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Bernie Madoff

May 11, 2011
Tangled Webs How False Statements Are Undermining America: From Martha Stewart to Bernie Madoff James B. Stewart The Penguin Press: 474 pps., $29.95
April 30, 2011 | By Kevin Baxter
Not the retiring type When Johnny Damon became a free agent last winter, there were few suitors for his services. "The Yankees were trying to get me back," he said Saturday. "I heard the Angels were talking. I don't think I got an offer from them, but I knew they were interested. " But it was the Tampa Bay Rays who showed the most love, offering a one-year, $5.25-million deal and the prospect of ample playing time. So far that decision has proven to be one of the best acquisitions of the season, with Damon hitting .266 and leading the majors with six game-winning hits and leading all designated hitters with 20 runs batted in. Passing up two contenders for a team that looked to be rebuilding was a curious move for a 37-year-old in the twilight of his career.
April 4, 2010 | By Irene Lacher
The many faces of Lily Tomlin are well known to television audiences, and with her current gig on the FX legal thriller "Damages," there's one more just as compelling. Tomlin, 70, plays Marilyn Tobin, the dispossessed wife of the Bernie Madoff figure, Louis Tobin, and a dark departure from the classic characters she introduced on "Laugh-In" 40 years ago. Ernestine and others are alive and kicking in Tomlin's concert tour and her Las Vegas show, "Not Playing With a Full Deck," which is returning to the MGM Grand from April 29 to May 5. She's also working on a "Desperate Housewives" spinoff, a mystery comedy featuring her character, Roberta Simmons, and Kathryn Joosten's Karen McCluskey character.
February 7, 2010 | By Scott Collins
At 52, Ross Mandell is built like an aging wrestler, with veins the size of phone cords webbed across Popeye-like forearms. But when he recalls what happened last summer, the macho exterior melts away. "I cried like a baby. I curled up in a fetal position in my bed and I wanted my mommy," the former chief of the brokerage firm Sky Capital said. "It was brutal." Mandell surrendered in July to authorities who accused him of masterminding a transatlantic stock fraud that used "high-pressure sales tactics" to bilk tens of millions of dollars from investors, with Mandell allegedly blowing the proceeds on luxury travel and adult entertainment.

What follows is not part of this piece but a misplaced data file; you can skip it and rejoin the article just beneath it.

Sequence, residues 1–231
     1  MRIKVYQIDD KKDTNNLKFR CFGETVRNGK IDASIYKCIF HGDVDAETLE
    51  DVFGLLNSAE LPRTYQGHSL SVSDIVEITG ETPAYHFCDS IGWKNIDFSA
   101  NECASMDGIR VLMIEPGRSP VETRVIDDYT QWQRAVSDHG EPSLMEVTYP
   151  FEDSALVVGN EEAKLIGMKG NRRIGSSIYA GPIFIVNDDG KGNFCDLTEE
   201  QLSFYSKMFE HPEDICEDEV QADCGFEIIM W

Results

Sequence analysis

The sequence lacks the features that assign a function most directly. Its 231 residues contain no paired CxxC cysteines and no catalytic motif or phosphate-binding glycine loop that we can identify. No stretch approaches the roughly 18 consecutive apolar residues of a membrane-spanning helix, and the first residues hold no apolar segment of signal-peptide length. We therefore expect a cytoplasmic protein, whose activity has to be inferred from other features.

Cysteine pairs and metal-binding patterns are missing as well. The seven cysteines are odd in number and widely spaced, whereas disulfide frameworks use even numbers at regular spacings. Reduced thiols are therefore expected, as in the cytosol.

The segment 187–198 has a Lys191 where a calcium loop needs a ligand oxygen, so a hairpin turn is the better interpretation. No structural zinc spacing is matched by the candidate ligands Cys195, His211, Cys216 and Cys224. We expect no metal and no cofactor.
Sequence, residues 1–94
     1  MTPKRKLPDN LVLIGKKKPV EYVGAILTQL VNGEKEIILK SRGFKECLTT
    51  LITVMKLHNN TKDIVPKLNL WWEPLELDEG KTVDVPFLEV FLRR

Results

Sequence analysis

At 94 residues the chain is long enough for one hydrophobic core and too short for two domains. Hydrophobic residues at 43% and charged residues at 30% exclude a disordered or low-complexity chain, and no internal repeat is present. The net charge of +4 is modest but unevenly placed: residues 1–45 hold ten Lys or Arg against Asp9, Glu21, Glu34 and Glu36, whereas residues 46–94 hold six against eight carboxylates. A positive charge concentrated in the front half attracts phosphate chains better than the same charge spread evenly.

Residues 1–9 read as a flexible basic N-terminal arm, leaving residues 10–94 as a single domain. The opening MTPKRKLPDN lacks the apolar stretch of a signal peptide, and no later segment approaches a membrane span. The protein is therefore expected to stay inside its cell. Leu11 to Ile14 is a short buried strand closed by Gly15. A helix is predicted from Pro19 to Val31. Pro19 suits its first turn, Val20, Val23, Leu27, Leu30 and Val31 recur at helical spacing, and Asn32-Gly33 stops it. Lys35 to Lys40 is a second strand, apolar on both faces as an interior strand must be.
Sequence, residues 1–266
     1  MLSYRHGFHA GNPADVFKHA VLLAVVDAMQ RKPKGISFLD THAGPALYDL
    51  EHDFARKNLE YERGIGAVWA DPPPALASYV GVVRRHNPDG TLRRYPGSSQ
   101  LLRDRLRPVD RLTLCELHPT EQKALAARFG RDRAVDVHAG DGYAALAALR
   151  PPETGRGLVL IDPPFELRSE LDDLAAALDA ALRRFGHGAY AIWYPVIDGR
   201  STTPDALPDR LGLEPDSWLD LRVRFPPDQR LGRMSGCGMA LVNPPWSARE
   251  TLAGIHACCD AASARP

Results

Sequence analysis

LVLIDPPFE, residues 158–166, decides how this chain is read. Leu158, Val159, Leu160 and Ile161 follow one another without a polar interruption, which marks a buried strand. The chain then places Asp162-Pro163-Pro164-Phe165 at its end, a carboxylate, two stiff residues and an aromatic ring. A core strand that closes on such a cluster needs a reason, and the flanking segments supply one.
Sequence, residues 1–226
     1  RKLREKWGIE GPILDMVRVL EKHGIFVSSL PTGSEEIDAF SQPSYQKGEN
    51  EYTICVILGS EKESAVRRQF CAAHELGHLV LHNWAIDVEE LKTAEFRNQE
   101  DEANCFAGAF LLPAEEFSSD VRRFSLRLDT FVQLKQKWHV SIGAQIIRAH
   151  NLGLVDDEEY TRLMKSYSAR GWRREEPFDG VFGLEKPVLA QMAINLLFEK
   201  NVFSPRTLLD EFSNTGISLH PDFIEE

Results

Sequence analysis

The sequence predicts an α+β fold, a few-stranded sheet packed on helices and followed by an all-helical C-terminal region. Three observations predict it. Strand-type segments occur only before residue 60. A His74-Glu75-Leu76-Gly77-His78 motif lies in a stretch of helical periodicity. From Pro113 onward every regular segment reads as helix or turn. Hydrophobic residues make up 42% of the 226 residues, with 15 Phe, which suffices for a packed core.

September 23, 2009 | Stuart Pfeifer
Beverly Hills financial advisor Stanley Chais, accused of steering hundreds of millions in investor dollars to Bernard L. Madoff's Ponzi scheme, was sued this morning by California Atty. Gen. Jerry Brown. The lawsuit, filed in Los Angeles County Superior Court, seeks restitution for victims and at least $25 million in civil penalties. Chais operated three exclusive funds that offered returns of up to 25%. He told clients that he achieved the returns using a complex combination of derivatives, stock, currency and futures trading, Brown said.
I blame Bernie Madoff for this. Or more precisely, it was a midnight collision of Madoff madness, insomnia and cable's endless loop of films. Though if not for the saturation of news about the high-flying broker/con artist who trapezed across the financial markets to such devastating effect, I might have bypassed "Wall Street" in favor of something more mind-numbing. But this 22-year-old cut at the risky business of stocks and bonds turned out to be unexpectedly mesmerizing.
May 3, 2009
Re: "Madoff victims push for tax relief," April 27: The investors who gave money to Bernie Madoff did so in spite of the fact that he promised returns that were literally "too good to be true." Sure enough, his Ponzi scheme collapsed and some investors lost millions. In your article, Gordon Bennett, who lost $1.5 million, says, "I was victimized once by Mr. Madoff. I don't want to be victimized a second time by the state of California." Mr. Bennett, you were a victim of your own greed, and I fail to see why the taxpayer should pick up the tab for your poor judgment.
March 22, 2009
Re Michael Hiltzik's column, "How could savvy investors have been fooled by Madoff? Easy," March 16: Hiltzik's candor is refreshing. It's true that even smart, sophisticated people can be conned. But I can't comprehend why Hiltzik failed to mention the cardinal rule of investing: Diversify your holdings. We hear this advice constantly from financial experts, yet most of Madoff's victims ignored it and put all their eggs into a rotten basket.
March 16, 2009 | MICHAEL HILTZIK
I have a confession to make: I would have been fleeced by Bernie Madoff. Filled to the brim with years of prudent advice to know my broker, diversify my investments and perform my own due diligence, I would have placed my portfolio in his hands without a second thought. Like most of his investors, I would have made a rigorous investigation of his background, amounting to accepting the word of a friend who had his own money with Bernie.
March 15, 2009
Re "Bernanke the enforcer," editorial, March 11 We all know what happens in times like these: There are loud protests of disgust and new regulations, and then when the economy improves, we go back to ignoring the problem -- greed. I have another solution. Let's take a Bear Stearns building on Wall Street and turn it into a white-collar prison. Put a big plasma screen TV beside the doorway with a scrolling list of the inmates, their photos and descriptions of their crimes. Start with Bernie Madoff.
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